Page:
RG: Any brothers or sisters?
ES: Three brothers, I was the only girl.
RG: What did your father do?
ES: He was a carpenter and did some engineering. Also, electrical, taught by Mr. Allen.
RG: How did your family come to Nikumaroro?
ES: My father was then working for the government. The government posted him there to build houses and also because he knew how to plant coconut trees so they would grow fast and bear quickly, in two years.
RG: Did the whole family come to Nikumaroro?
ES: Only three of us. Our eldest brother was at Tarawa.
RG: Did your father ever work at building canoes?
ES: Yes, he used to build canoes.
RG: Was that part of his job on Nikumaroro?

Not while I was there. He did build small model canoes as presents.

RG: Do you remember what ship brought the family to Niku?
ES: It was the government ship, Kiakia. Not a big boat.
RG: Were there many people who came with you?
ES: A policeman and his family came also.
RG: Do you remember what year you arrived at Niku?
ES: The year we came off the island I had already spent two years there.
RG: When you first came to Nikumaroro, were there any Europeans living there?
ES: No.
RG: Who was in charge of things? Who was the boss?
ES: In those days the leader of the Gilbertese was Teng Koata.
RG: What kind of man was Teng Koata?
ES: Tall man, and big.
RG: A happy man? a strict man? A jolly man?
ES: He doesn’t speak often. What he wants done must be done.
RG: Oh. A strong leader.
ES: Yes.
RG: Were the people afraid of him?
ES: They obeyed him because, as people worked, he worked along with them.
RG: When Dr. King and Kris talked to you before, you told them about an airplane wreck on Nikumaroro when you got there. I’d like you to tell me what you know about that. I’d like to hear your story.
ES: When we went there, no plane came during that time. Until we came off, no plane had come. We only heard that there was a plane that crashed near that ship.
RG: Let me repeat this back to be sure I understand. No plane arrived or crashed while you were at the island. But, people said that before the people came a plane had crashed there near the ship. And when you refer to the ship you mean the ship that was on the reef, that was aground.
ES: It is true.
RG: Did you ever see any part of that plane?
ES: Only the frame, a piece of steel. [Mr. Tofiga offers clarification, &“Uh, it’s not a piece. The term she uses ‘afiti,’ it could be this long or this long.” Moves his hands close together then far apart. “ But it’s steel. Only the framework.”]
RG: And where was this piece?
ES: Nearby that wrecked ship. It was not far from there. From about here to that house. [She points to a house across the road.]
RG: OK. That's probably 100 meters. Was it on land or in the water?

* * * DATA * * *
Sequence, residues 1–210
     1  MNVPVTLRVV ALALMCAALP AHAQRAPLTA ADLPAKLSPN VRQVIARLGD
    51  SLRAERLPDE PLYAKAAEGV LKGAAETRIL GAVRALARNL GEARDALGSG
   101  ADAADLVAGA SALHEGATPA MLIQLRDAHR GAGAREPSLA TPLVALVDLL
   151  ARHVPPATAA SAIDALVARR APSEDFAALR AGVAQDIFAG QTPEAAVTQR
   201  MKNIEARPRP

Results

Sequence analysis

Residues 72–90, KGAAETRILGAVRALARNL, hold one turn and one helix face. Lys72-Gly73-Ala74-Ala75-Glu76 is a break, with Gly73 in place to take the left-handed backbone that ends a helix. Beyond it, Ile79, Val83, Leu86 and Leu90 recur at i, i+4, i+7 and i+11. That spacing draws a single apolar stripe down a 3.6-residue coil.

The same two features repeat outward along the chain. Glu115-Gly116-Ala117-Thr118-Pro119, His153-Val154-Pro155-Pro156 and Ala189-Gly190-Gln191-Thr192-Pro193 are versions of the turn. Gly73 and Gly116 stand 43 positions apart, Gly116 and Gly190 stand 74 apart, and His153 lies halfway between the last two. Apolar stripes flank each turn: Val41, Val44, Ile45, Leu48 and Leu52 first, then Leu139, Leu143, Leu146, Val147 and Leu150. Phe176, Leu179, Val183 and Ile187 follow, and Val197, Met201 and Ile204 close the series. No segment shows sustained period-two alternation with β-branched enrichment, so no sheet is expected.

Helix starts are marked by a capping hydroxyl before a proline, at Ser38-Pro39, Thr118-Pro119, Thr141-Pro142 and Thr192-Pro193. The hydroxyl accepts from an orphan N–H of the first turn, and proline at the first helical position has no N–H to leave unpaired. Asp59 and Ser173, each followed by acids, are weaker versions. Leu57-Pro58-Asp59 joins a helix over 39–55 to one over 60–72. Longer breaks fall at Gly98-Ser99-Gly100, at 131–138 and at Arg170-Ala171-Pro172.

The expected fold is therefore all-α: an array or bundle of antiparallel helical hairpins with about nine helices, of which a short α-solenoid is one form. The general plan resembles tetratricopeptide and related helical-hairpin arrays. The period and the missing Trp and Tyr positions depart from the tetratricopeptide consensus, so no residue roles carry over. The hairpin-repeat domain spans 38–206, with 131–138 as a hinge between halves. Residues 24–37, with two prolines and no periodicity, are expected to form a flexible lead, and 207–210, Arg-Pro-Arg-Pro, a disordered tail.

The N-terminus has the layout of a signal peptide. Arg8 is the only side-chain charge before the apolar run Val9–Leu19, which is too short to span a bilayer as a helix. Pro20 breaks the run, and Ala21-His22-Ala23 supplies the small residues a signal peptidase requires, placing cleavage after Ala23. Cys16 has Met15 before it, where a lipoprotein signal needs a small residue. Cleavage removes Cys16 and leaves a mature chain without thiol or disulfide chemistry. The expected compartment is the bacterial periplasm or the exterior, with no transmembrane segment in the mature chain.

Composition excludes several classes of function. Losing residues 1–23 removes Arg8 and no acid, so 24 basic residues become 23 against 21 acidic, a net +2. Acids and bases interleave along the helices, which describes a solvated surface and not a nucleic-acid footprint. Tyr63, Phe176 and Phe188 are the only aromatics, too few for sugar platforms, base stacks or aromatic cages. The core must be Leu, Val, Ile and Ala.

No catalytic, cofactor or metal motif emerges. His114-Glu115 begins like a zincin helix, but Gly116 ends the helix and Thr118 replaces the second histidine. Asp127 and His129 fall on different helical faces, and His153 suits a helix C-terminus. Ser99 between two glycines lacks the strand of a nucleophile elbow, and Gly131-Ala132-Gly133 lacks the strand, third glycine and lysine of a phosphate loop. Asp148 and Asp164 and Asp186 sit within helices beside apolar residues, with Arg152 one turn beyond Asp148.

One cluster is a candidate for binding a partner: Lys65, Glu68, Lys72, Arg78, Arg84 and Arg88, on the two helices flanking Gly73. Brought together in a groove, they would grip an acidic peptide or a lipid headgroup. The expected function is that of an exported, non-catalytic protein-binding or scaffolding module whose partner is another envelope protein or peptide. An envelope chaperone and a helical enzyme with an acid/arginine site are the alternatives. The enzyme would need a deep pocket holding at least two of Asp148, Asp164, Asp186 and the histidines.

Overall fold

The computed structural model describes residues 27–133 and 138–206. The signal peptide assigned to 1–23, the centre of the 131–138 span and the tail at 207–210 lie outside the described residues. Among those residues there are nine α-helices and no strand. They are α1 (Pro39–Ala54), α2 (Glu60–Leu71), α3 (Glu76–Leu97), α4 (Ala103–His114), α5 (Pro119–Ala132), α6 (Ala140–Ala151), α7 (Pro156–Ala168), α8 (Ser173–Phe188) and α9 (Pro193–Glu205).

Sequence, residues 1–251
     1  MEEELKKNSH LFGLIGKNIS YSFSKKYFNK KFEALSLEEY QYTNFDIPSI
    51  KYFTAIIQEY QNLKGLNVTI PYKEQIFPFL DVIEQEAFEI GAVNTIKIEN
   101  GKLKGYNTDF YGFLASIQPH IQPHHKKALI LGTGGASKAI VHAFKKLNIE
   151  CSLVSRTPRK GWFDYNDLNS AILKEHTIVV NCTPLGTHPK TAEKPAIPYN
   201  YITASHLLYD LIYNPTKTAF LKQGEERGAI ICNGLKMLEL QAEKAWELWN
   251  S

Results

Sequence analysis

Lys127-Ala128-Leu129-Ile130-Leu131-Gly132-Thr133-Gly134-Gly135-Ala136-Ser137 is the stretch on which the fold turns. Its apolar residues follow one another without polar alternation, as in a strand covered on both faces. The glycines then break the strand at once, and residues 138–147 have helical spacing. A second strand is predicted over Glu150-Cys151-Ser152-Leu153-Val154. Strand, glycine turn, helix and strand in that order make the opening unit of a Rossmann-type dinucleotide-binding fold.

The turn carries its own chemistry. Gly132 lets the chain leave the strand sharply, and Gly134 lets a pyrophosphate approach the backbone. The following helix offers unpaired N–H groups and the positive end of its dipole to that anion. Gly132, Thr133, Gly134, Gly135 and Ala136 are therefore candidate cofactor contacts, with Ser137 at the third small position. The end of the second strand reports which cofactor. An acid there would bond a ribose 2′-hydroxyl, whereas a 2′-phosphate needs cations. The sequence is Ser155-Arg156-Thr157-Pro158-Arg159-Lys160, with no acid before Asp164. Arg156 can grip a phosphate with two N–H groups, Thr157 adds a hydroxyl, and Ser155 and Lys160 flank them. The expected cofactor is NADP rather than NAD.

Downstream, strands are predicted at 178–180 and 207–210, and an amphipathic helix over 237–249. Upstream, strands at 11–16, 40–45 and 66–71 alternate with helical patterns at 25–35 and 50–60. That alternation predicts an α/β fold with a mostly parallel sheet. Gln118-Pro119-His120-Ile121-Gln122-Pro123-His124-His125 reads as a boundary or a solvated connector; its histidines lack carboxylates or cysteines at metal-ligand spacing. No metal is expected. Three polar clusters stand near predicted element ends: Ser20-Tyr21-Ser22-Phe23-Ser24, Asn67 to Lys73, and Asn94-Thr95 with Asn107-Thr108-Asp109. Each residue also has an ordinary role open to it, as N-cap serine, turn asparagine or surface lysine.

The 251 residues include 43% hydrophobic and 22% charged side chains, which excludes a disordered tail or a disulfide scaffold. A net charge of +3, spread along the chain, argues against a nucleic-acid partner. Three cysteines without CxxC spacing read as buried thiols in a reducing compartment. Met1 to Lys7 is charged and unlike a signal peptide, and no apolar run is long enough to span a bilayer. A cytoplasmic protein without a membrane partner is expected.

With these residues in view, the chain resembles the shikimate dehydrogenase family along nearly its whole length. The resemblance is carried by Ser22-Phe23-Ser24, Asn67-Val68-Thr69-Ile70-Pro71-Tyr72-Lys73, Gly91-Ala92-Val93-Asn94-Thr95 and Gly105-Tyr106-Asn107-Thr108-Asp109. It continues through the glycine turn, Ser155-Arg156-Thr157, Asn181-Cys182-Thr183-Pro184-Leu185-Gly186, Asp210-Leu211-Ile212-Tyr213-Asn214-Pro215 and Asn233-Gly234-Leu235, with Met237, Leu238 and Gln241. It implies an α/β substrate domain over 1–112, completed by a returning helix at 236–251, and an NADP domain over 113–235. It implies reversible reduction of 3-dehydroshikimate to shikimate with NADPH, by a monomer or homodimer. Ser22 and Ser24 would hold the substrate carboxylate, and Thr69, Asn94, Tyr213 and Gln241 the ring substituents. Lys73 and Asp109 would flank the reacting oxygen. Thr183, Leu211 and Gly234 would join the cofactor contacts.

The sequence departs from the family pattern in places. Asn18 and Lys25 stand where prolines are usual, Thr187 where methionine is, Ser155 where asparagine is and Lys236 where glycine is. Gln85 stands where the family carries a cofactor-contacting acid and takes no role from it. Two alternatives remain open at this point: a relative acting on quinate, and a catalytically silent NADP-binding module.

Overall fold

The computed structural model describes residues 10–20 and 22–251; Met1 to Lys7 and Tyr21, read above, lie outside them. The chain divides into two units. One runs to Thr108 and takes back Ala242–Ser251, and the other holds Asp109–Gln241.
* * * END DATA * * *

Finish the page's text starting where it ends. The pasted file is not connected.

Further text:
ES: On the rocky part. It was not far from where the waves break.
RG: Let’s look at a map. If you could show us the shipwreck?
ES: Is this the part called Nutiran? [points to northwestern end of island] Maybe this is the place. [points to the small ship symbol on the map] It was not very far from that place.
RG: [explaining map] This part here is the rock. The waves of the ocean break out here. The beach with the sand is here.
ES: That means this is where that plane was. It was not very far from the ocean where the waves break. That’s why the parts of the plane got carried away quickly. That frame was also very rusty.
RG: Could you put a mark on the map where the plane was?
ES: [marks the map] It was here.
RG: And on the back of the map could you draw a picture of what you saw?
ES: It was a long steel. [draws a line] There was a round part of it. [adds a small solid circle at the end of the line] I do not know what part of the plane it was. We were forbidden to go there. I was following my father. When I went there my father stopped me.
RG: Did you go out on the rock or did you only see it from where the sand is?
ES: Only from the sandy part.
RG: How big was this piece?
ES: About four arm spans. [holds her arms out]
RG: So it might fit in this room?

Yes, barely. It was a big plane. [the room was perhaps twelve feet long]

RG: How did you know that this was part of an airplane?
ES: I heard it from those who were there before us that it was part of an airplane.
RG: So the people on the island said that this was part of an airplane.
ES: Yes.
RG: Did the people know anything about the people who were in the airplane?
ES: I didn’t hear a story in connection with that.
RG: Were there ever any bones found on Nikumaroro?
ES: Yes.
RG: What can you tell us about the bones that were found?